• The most characteristic thing in IR photography is that green plants reflect large amounts of infrared light which is visible on photos as white, snow-like colour. Here with the 680 nm filter there is no sign of white colour, only dark grey or even black - see the last photo where white balance is correctly set. The 680 nm filter, as oppose to 720 nm, should only add some more colours in the background (sky, buildings etc.) but trees, grass and other plants should always be very bright. – Luke Sep 21 '18 at 9:12
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You're not missing anything - some epic post production is pretty much always used to create digital IR images.

Life Pixel is a company that does conversions, but they've also put together an extensive list of video How-To's for post.

To boil it down, you need to use a program like Photoshop or Gimp and get familiar with the channel mixer. When converting to black and white using this tool, you get to select which color channels map to the brightness of the black and white. This allows you to select which colors become white and which colors become black, and every shade in between.

There are other ways, of course, as there always are with post. But, this should get you started.

  • Thanks for an answer, have a look at my edit above. I know post processing can make a huge difference but even without it the plants that reflect a lot of IR light should be brighter with 680 nm filter on, here I cannot see any increase in brightnes of leafs on the trees (grass on my photo seems a bit brighter but it is due to fact that it's dry and in visible light it has light brown colour). – Luke Sep 15 '18 at 22:18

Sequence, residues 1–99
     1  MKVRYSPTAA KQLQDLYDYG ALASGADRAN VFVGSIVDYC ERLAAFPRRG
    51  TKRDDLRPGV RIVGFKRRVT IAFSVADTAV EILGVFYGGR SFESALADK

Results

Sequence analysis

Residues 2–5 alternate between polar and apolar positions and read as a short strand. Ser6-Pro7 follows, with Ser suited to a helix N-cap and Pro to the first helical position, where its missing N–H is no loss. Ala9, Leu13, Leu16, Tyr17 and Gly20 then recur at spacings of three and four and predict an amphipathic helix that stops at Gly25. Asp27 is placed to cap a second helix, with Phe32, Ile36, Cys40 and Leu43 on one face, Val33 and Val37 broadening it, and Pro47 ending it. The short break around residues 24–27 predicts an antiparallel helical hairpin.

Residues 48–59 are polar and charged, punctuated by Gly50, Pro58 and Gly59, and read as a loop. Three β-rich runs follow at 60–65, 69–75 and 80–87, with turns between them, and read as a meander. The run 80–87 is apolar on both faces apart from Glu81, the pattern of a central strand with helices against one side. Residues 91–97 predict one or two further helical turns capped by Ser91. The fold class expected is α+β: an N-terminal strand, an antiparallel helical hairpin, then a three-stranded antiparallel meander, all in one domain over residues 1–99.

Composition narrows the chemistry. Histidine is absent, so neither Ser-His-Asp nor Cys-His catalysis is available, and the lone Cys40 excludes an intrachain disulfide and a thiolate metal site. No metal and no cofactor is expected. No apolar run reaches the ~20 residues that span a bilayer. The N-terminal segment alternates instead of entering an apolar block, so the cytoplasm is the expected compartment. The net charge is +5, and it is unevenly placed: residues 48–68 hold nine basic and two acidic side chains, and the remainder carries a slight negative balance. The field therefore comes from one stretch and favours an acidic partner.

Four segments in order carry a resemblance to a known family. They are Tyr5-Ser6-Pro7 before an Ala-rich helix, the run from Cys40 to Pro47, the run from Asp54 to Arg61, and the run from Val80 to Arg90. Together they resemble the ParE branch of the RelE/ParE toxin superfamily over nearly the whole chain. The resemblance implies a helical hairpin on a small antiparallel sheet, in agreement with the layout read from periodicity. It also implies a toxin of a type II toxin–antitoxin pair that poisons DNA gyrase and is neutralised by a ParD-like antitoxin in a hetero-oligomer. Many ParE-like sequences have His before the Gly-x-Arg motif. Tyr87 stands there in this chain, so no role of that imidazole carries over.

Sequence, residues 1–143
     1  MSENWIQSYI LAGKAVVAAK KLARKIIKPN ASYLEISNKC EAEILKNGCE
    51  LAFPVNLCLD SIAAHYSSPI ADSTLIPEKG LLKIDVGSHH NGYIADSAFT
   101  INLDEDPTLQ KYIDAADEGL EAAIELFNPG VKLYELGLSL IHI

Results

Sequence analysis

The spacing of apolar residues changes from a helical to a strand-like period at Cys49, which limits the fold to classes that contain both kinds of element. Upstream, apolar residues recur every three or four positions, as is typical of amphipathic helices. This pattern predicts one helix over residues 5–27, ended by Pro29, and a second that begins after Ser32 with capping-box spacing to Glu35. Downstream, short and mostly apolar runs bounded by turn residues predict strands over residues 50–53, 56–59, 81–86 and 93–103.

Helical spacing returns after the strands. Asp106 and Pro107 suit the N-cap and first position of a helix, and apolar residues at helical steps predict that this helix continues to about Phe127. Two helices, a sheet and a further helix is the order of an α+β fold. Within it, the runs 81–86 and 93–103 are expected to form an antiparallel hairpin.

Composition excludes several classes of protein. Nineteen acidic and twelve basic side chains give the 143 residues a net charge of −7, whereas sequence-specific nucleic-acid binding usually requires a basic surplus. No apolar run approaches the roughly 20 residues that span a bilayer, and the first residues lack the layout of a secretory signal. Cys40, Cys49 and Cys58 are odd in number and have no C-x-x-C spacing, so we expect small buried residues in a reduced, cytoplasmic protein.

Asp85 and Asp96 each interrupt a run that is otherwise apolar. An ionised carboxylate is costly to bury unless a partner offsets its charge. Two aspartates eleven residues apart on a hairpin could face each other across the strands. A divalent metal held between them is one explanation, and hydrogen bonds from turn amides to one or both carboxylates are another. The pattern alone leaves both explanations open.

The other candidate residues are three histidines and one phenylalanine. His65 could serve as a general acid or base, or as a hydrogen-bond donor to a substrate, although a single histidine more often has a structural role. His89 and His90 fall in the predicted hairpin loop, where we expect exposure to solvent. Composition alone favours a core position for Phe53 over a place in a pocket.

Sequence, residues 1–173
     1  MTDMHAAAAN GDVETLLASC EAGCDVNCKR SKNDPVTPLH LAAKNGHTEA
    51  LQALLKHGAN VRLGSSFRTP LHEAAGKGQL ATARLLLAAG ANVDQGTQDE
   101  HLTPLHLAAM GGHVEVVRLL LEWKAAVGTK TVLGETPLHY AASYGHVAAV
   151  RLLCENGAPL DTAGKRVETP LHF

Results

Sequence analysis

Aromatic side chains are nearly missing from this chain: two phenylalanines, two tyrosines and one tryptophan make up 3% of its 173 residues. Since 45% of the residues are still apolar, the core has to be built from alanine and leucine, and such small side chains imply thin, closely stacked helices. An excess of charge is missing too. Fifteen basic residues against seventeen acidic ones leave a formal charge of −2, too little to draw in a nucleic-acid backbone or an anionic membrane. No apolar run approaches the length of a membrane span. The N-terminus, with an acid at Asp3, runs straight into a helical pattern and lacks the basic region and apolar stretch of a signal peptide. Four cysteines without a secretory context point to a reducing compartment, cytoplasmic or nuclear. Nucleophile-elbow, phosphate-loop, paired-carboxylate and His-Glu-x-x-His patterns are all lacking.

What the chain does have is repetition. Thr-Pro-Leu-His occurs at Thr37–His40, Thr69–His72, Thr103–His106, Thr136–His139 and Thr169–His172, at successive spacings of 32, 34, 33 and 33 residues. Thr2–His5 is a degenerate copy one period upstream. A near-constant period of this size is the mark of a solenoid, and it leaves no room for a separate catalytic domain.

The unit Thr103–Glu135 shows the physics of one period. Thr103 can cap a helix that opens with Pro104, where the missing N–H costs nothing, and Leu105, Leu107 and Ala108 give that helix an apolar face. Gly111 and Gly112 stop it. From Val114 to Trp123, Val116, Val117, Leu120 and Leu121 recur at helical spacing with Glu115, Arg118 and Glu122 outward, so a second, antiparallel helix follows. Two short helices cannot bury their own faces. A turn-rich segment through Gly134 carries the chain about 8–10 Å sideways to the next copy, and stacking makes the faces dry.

• @Luke sorry i didn't catch the filter before. Visible light goes up to 700nm. So, yes, you need a new IR filter that blocks at least up to 700nm. – Hueco Sep 15 '18 at 23:11
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I've used a few cameras with the hot filter removed, including a Canon DSLR. In your case, the problem is twofold:

  • On Canon DSLRs, the sensor stack seems to be somewhat insensitive to IR. There is likely an element on the sensor stack (other than the hot mirror) that blocks a significant amount of IR. I suspect the Bayer filter.

  • You are using a 680nm filter which lets red and orange light through. You will need to use a high-quality 720nm filter that does not let visible light through, so that the IR-insensitive sensor is not distracted by it. The less visible light, the more monochromatic the image will be. If too much visible light is allowed through, the filter will behave like a deep-red filter and foliage will not be bright.

    good filter

You'll get best results by using in-camera white balance.

  • For IR, use something that reflects pretty much everything, like concrete pavement. Then swap the red and blue channels in post for faux-color IR with golden-colored leaves.

    pavement WB RB channel swap

  • You can get a different look by setting white balance on grass or other foliage.

    foliage WB

  • For visible light, any white surface should work fine. No need to use a hot filter because the filter stack is already so insensitive to IR.

Other suggestions:

  • Use Live-View mode for both focus and exposure when capturing IR images.

  • Use manual focus and focus bracketing because autofocus doesn't have enough light to work with through near-IR filters.